We investigated the effects of feeding on lipid accumulation and transepithelial transport using in vitro Necturus gastric antral mucosae. Antra from fed Necturi were examined for lipid accumulation using light, fluorescence, histochemical, and electron microscopy. Ussing chambers were used for measurement of potential difference (PD), transepithelial resistance (R(t)), short-circuit current (I(sc)), and unidirectional fluxes of 22Na+ and [3H]mannitol. Light microscopy of antra from 2-day postfed animals showed many intracellular lipid granules in surface mucous epithelial cells. These granules could be distinguished from other intracellular organelles by their high affinity for osmium and the lipid fluorescent probe Nile red. Glycoprotein cytochemical staining showed these granules to be distinct from the epithelial cell mucous granules. Electron microscopy showed the lipid granules to be part of a membranous reticular network. Two-day postfed animals also had a ~3.5-fold increase in amiloride-sensitive I(sc) and PD, a decrease in R(t), and an increased luminal-to-serosal Na+ fluxes. Transepithelial [3H]mannitol fluxes were low and remained unchanged n both fasted and 2-day postfed animals. After 2 days of feeding, the PD and I(sc) began to decrease followed by a secondary increase in R(t). Feeding Necturi a corn oil diet did not induce the appearance of either cellular lipid or alterations in I(sc) but produced a transient increase in R(t). Our data show that feeding (goldfish) to Necturi causes an increase in both lipid accumulation and amiloride-sensitive Na+ transport in gastric antral cells.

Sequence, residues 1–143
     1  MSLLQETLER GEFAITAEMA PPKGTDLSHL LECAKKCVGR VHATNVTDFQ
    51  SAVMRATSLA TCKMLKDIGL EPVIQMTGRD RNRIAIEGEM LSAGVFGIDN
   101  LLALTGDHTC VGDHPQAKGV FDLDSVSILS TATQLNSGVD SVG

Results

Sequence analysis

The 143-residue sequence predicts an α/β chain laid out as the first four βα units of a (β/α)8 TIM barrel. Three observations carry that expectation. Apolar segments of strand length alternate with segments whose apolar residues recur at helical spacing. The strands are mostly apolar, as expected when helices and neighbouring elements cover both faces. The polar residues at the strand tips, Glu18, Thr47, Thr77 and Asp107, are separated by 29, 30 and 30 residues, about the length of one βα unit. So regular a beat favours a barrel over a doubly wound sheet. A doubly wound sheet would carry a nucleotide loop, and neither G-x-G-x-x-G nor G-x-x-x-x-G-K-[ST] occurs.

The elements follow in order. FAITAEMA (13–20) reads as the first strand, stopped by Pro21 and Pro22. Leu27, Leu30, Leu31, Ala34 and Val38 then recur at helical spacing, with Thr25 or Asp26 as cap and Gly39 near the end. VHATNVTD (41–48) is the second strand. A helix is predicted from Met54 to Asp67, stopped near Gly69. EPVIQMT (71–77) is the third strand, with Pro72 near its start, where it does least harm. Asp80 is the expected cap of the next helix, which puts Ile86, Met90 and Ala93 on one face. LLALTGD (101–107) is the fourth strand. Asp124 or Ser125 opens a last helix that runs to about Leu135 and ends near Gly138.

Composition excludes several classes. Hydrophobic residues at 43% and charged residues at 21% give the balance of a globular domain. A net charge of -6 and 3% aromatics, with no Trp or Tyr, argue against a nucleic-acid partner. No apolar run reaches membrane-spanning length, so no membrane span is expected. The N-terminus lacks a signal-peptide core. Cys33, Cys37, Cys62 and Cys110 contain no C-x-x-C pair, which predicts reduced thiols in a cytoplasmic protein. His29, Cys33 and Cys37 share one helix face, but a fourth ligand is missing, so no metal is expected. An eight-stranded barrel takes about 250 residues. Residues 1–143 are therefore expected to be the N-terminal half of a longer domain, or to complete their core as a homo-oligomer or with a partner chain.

|Original language||English (US)|
|Journal||American Journal of Physiology - Gastrointestinal and Liver Physiology|
|Issue number||6 22-6|
|State||Published - 1990|
- sodium permeability
ASJC Scopus subject areas
- Physiology (medical)